OAKLAND, CALIFORNIA, SUNDAY, MARCH 25, 1945
Allies Push 5 Miles Into
Ruhr on 30-Mile Front
1200 Big Guns, 11,000 Planes, British and U .S. Navies Join in
Crossings, Paratroops Join to Form 12-Mile Bridgehead.
By AUSTIN BEALiMEAR
PARIS, March 25 (Sunday)—(AP)—
Four Allied armies crossed and broke Germany's vaunted Rhine line on a 30 mile front yesterday, plowing five miles into the flaming Ruhr and the North German plain and today General Eisenhower's forces stood at the threshold of final victory.
Backed by 1200 guns and 11.000 planes, with British and U.S. navies manning
fleets of landing barges, the long-awaited end-the-war offensive across the Rhine in the most massive operation since D-Day last June 6, ripped the historic Rhine barrier wide open.
The British Second Army and parts of the Canadian First Army struck in concert with the Allied First Airborne Army. spilling out on the North German Plain within 290 miles of Berlin, and gouging out a bridgehead of more than 15 miles
stretching east to Wesel, Northwestern gateway to the Ruhr.
Assault Long Planned
TWELFTH ARMY GROUP
HEADQUARTERS March 24,(AP)—
The U.S. Third Army crossing of the Rhine Thursday night was no fluke. It. was planned three months ago for the very place where it occurred.
Lieut, Gen. George S. Patton Jr., got. the go-ahead from the group commander, Lieut. Gen. Omard N. Bradley, at a conference on an air field Tuesday.
Newsman Tells How
Three Armies Were
Put Across Rhine
By WES GALLAGHER
ON THE RHINE, March 24—(AP)—
Fighting the most intricate battle ever planned by American and British soldiers, elements of three Armies were making amazing
progress today after crossing the Rhine by a combination of blood and guts.
To get a ringside view of the greatest co-ordinated attack ever staged on the western front I followed the doughboys and Tommies from their secret assembly areas to the Rhine over moonlit, roads, watched the attack develop from a front line regimental command post, went across the river, and finally took a flight in a cub airplane for a 3000-foot-high seat over the great Rhine for the air drop by thousands of parachutists and glider troops.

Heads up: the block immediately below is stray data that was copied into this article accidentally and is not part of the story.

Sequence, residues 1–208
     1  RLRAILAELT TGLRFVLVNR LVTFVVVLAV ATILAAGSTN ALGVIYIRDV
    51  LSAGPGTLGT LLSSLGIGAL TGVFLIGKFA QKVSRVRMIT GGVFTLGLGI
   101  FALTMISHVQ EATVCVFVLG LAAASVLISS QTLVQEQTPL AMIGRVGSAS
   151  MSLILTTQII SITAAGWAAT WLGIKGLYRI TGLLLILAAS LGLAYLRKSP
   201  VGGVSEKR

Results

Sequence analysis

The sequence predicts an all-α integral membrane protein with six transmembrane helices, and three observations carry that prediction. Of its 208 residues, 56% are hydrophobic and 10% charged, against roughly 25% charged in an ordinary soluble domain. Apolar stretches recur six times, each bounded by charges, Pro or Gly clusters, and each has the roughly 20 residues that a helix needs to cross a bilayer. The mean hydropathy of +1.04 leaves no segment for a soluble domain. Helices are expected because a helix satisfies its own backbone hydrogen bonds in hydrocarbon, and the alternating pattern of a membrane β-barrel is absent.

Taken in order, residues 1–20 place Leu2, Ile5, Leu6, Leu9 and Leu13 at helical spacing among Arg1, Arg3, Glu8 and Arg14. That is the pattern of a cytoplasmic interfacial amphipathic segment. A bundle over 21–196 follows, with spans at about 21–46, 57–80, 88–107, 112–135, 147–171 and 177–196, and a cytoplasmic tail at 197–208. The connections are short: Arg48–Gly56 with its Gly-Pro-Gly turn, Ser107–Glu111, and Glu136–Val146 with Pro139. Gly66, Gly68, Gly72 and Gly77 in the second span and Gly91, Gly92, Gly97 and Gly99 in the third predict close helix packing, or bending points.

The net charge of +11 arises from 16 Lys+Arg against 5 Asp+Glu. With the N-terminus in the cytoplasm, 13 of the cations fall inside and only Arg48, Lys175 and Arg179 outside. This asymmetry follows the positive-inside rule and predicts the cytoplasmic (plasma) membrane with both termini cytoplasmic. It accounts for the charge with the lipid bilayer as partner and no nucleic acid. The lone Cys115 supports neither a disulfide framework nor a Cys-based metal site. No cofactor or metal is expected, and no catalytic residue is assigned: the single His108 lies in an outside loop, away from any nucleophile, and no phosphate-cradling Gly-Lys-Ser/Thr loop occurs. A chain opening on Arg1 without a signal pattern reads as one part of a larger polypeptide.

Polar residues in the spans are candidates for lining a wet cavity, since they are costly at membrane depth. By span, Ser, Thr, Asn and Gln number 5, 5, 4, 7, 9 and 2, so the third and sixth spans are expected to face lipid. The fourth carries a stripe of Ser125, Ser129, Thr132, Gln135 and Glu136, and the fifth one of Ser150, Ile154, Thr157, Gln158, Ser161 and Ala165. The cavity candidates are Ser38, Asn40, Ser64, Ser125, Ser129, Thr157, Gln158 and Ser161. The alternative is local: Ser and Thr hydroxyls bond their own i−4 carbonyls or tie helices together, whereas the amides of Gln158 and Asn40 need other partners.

I will try to draw into one view the tremendous overall significance of the attack by the ordinary men of Britain and America turned soldier.
END BELEAVED NEAR
There is not a man, American or British, from generals to privates, who does not feel that this is the beginning of the last major battle that will bring the war to a quick end.
It is the first time that this feeling has permeated into the hearts of the always pessimistic GI's who have to do the .fighting.
Everything the Allies, amateurs to begin with, for three
years of war has been thrown into this battle against the most powerful German fighting force left on the western front.
German defeat now means loss of the Ruhr, opening up the gateway to Berlin, an eventual linkup with the Russian Armies and loss of the war for the Germans.
Despite thesestakes, German resistance at, first, was spotty
300 Miles Off Nippon
My MORR1E LANDSBERG
U.S. PACIFIC FLEET HEADQUARTERS.
GUAM. March J5.—
United States battleships bombarded the Ryukyu Islands Friday and Saturday in the closest surface action of the war to the Japanese mainland, while carrier planes of Vice Admiral Marc C. Mitschers Task Force 58 struck co-ordinating blows.
The Navy in a communique disclosed the latest phase of the most extensive carrier task force of the war.
Mitscher's two-way strike of the Ryukyus, destroying enemy Shipping and smashing airdromes within 300 miles of Japan, was delivered with only a day's interval — likely for refuelling— between it and a heated four-day operation against Southern Japan.
Thus for six out of seven days Mitscher's task force was in action, crippling Nippon's home fleet in inland land Sea hideouts of Japan, cutting deep into the enemy's homebased airforce and neutralizing enemy air bases in the very heart
of the empire over a stretch of more than 300 miles.